"I am looking forward to fighting in front of the Japanese crowd. I want to be my true self and show them a great fight." - Takanori Gomi
It’s no secret that the Japanese mixed martial arts scene has fallen on hard times over the last few years, but with Saturday’s UFC 144 event at Saitama Super Arena, there is optimism from the local heroes on the card that this could be the start of a revival in Japan. One of those hopeful fighters is one who is no stranger to a thriving MMA scene at home, Takanori Gomi.
“I think the level of Japanese MMA will rise as many people get to see the world’s top class bouts,” he said through translator Mizuka Koike. “I hope there’s gonna be a lot of Japanese guys who wish to be great fighters.”
Gomi, the first and only PRIDE lightweight champion, as well as a Shooto welterweight titleholder, is no stranger to being in the role of flag bearer for the sport in his country. For years, “The Fireball Kid” took on and beat all comers, most notably going 13-1 with 1 NC from 2004 to 2007.
Yet by the time Gomi arrived in the UFC in 2010, he was about to hit hard times in the Octagon. Just 1-3 in four UFC starts, with his Knockout of the Night finish of Tyson Griffin sandwiched by losses (all by submission) to Kenny Florian, Clay Guida, and Nate Diaz, the charismatic Kanagawa native has found himself in need of a win this Saturday against countryman Eiji Mitsuoka (a late replacement for the injured George Sotiropoulos). Yet on a positive note, the 33-year old southpaw appears to have pinpointed where he’s gone wrong in the UFC.
“I think I lacked stamina and ground techniques,” he said. “I want to make an improvement on that, so I’ve reviewed the training regimen that I’ve done and trained even harder.”
Well, if he was looking to see his ground game tested, Sotiropoulos was the perfect man to do it, but Mitusoka’s no slouch either, as the 36-year old has finished 11 of his 18 wins by submission.
Said Gomi, “I think a fighter like Mitsuoka starts with boxing and then moves to grappling to end the fight with a submission. And when it comes to reach and body size wise, they (Mitsuoka and Sotiropoulos) are not very different, so it (the change in opponent) was okay.”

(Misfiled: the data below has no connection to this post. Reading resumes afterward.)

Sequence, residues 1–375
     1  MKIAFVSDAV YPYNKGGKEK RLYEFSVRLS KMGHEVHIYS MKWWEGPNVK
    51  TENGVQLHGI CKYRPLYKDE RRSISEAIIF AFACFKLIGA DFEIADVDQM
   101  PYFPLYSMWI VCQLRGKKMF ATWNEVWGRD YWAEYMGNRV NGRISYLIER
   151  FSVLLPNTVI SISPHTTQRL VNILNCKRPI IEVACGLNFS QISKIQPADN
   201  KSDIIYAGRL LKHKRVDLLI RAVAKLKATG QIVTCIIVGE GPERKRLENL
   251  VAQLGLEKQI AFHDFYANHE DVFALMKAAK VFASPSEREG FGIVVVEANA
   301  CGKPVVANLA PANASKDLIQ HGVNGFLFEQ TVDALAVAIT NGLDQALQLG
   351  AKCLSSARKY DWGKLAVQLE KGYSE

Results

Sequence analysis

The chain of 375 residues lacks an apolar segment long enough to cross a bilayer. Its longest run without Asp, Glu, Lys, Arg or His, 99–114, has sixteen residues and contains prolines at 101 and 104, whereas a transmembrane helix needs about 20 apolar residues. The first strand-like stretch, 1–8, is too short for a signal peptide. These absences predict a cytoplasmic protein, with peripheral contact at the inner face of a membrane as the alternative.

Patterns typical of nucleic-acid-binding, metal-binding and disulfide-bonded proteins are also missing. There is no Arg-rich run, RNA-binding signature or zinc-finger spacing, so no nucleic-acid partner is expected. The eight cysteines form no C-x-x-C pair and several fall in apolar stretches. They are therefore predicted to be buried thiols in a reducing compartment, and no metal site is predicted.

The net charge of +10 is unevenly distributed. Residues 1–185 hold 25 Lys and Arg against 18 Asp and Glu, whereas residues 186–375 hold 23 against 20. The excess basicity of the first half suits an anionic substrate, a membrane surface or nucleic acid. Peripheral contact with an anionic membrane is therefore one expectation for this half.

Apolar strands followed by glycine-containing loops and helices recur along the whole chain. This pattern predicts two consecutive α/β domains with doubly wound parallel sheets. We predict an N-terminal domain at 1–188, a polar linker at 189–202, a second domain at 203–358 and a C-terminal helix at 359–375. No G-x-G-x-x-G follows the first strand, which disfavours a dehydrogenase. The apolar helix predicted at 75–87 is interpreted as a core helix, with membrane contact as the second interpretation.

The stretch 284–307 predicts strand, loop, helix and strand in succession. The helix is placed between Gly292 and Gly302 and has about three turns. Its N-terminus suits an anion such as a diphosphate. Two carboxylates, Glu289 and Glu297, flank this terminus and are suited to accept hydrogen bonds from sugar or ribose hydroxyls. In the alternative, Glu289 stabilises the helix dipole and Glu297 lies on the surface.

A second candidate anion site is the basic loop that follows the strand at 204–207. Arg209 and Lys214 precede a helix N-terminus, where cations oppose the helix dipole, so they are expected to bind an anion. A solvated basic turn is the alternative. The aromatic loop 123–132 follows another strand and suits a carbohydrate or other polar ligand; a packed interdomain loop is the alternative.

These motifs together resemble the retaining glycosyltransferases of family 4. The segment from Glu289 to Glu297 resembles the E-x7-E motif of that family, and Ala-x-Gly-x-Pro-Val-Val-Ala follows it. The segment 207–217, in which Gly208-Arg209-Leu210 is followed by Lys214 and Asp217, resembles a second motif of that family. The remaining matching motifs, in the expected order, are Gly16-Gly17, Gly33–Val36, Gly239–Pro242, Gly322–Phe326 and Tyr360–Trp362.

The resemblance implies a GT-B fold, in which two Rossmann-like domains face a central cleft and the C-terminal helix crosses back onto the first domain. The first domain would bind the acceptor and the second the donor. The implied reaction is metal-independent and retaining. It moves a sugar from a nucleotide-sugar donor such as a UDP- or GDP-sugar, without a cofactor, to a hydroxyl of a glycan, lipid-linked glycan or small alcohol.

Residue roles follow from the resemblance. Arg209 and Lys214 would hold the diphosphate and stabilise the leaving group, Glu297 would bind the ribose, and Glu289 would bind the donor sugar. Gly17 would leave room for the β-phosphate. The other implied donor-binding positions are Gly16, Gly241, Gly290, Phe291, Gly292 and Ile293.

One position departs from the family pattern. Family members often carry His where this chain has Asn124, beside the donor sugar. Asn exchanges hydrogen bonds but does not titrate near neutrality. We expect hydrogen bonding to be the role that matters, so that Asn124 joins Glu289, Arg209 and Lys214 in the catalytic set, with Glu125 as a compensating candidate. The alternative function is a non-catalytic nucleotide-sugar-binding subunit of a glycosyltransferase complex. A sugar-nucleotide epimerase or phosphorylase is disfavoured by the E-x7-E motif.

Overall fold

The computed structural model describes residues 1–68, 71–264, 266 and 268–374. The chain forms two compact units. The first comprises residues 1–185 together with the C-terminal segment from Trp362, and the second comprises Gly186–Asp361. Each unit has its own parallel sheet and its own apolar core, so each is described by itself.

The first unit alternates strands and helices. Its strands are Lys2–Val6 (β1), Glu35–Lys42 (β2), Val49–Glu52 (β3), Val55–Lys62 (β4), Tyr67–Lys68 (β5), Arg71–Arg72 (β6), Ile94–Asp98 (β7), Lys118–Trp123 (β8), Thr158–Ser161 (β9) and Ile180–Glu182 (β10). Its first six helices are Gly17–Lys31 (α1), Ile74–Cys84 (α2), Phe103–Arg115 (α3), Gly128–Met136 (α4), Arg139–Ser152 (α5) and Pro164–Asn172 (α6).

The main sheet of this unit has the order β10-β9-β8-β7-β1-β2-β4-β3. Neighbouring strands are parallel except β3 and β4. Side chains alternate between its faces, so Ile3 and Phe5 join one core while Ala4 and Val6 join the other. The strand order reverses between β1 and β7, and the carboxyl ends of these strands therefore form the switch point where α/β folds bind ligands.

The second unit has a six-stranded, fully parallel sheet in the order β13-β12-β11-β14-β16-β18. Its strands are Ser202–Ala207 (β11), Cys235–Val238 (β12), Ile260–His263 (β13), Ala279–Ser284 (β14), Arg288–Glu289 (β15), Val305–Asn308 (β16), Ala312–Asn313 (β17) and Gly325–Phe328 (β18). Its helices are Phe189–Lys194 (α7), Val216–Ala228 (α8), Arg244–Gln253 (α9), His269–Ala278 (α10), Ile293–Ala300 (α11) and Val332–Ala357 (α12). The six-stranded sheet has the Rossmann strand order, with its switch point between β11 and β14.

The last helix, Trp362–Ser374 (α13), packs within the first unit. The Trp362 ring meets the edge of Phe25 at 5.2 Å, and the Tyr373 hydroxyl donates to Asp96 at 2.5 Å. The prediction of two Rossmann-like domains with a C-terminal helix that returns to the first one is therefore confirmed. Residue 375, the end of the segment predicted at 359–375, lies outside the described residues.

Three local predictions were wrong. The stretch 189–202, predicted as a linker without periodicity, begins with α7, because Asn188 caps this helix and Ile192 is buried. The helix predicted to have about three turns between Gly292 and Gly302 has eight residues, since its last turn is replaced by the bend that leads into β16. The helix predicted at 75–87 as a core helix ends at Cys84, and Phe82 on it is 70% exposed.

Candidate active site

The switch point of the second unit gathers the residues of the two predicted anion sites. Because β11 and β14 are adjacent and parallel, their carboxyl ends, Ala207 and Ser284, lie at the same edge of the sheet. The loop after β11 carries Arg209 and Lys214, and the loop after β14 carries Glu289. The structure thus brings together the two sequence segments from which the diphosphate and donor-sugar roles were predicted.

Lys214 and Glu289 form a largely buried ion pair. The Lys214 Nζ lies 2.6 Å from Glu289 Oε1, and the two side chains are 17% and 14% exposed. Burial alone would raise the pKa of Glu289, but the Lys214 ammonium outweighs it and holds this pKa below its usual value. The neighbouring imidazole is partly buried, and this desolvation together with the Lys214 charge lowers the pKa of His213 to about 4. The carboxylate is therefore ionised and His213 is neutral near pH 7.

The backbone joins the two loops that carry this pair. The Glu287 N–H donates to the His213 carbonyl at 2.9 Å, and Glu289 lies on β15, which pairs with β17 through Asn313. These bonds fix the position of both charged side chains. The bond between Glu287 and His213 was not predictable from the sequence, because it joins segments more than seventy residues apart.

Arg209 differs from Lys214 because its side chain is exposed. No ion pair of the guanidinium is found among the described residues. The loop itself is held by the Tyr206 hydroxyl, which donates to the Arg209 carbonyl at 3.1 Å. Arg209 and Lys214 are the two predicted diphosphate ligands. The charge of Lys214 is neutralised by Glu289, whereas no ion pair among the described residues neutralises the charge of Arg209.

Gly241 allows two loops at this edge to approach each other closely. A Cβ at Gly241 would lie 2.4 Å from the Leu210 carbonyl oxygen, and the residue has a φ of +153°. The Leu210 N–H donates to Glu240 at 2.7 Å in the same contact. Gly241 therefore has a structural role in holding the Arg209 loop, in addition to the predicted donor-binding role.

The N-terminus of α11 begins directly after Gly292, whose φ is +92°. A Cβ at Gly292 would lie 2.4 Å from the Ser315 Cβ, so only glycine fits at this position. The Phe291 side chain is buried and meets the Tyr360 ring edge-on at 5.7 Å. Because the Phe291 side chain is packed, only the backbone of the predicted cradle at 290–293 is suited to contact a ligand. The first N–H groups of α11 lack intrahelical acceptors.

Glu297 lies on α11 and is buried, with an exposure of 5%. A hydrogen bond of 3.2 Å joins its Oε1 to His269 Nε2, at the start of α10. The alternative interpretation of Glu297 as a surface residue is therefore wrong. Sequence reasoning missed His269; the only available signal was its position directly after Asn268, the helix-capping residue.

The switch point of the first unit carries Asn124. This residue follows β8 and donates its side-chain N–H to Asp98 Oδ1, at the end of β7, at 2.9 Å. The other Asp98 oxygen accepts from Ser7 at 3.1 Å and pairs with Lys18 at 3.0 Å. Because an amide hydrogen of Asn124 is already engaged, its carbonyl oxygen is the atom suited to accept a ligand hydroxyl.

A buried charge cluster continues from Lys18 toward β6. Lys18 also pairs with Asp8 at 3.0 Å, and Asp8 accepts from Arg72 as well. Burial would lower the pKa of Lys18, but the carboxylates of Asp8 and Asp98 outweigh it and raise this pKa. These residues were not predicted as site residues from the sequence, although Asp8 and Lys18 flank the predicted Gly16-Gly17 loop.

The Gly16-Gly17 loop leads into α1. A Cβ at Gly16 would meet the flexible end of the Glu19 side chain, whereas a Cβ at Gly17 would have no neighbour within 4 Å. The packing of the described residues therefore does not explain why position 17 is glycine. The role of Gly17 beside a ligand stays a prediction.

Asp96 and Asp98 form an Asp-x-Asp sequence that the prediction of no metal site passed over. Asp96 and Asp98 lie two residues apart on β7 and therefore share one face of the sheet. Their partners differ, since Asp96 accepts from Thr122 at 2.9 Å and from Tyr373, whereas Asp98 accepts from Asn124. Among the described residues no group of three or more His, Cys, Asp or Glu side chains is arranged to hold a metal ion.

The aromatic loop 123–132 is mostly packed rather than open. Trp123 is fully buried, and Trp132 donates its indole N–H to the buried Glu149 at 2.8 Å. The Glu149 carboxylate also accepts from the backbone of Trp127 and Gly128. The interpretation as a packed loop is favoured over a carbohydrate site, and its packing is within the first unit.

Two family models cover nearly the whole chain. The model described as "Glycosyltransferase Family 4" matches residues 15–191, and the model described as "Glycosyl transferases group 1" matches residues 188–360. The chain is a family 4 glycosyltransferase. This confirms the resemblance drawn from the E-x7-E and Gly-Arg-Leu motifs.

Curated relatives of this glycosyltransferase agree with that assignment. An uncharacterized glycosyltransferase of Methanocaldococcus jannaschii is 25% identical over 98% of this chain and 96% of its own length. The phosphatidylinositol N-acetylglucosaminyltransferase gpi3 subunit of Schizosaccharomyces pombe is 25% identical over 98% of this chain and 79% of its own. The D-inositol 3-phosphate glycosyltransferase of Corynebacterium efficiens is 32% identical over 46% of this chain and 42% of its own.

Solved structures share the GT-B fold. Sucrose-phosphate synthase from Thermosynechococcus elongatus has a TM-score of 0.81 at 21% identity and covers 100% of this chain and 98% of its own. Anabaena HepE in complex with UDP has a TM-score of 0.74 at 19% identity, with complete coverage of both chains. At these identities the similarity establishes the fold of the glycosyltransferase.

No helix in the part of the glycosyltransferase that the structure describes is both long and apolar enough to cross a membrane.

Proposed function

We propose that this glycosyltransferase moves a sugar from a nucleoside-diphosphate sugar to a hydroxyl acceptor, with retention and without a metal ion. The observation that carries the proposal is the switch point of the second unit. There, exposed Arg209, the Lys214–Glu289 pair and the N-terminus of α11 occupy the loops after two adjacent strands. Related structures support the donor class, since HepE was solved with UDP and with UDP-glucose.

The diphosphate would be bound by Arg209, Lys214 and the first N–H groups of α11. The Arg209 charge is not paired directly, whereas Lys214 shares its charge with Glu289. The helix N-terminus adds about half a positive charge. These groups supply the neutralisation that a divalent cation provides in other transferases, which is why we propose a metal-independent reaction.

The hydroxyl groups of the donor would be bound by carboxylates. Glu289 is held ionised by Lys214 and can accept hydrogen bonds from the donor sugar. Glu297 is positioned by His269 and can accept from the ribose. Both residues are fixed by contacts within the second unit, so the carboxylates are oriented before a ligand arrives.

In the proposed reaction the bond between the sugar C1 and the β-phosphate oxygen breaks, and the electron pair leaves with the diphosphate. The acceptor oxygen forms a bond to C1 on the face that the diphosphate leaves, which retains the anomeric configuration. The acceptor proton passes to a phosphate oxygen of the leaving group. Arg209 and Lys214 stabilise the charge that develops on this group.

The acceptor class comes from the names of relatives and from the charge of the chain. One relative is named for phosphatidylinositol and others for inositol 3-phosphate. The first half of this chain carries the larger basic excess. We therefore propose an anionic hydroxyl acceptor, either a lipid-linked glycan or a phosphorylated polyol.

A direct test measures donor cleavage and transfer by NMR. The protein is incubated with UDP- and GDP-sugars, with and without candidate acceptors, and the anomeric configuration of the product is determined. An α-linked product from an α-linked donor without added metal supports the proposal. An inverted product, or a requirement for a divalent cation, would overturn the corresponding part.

It’s no secret that Gomi has had his difficulties with groundfighters (six of his eight losses are by submission), but he’s also had success against them over the years, and the one intangible when it comes to this weekend’s bout is that it is coming at home. That’s something that can’t be overlooked, especially when Gomi is so excited about his return.
“I am really happy to have a chance to fight in UFC Japan,” he said. “I never thought it was going to happen this early, and I’m glad that I continued my career this long. It’s been a while, so I am looking forward to fighting in front of the Japanese crowd. I want to be my true self and show them a great fight.”
Pardon the pun, but this is pride at its most telling and compelling. For a fighter like Gomi, one whose legacy is set no matter what happens against Mitsuoka, it is imperative that if he’s going to lose, it’s not going to be in front of his loyal fans. Not this weekend. Not at Saitama Super Arena.
“I am proud of myself for being one of the Japan-born UFC fighters,” he said, “and I think Japanese fighters have this fighting spirit of not giving up until it’s really over.”
And as far as Takanori Gomi is concerned, his run in the UFC is far from over.
“The Fireball Kid is coming back,” he said. “Please keep an eye on me.”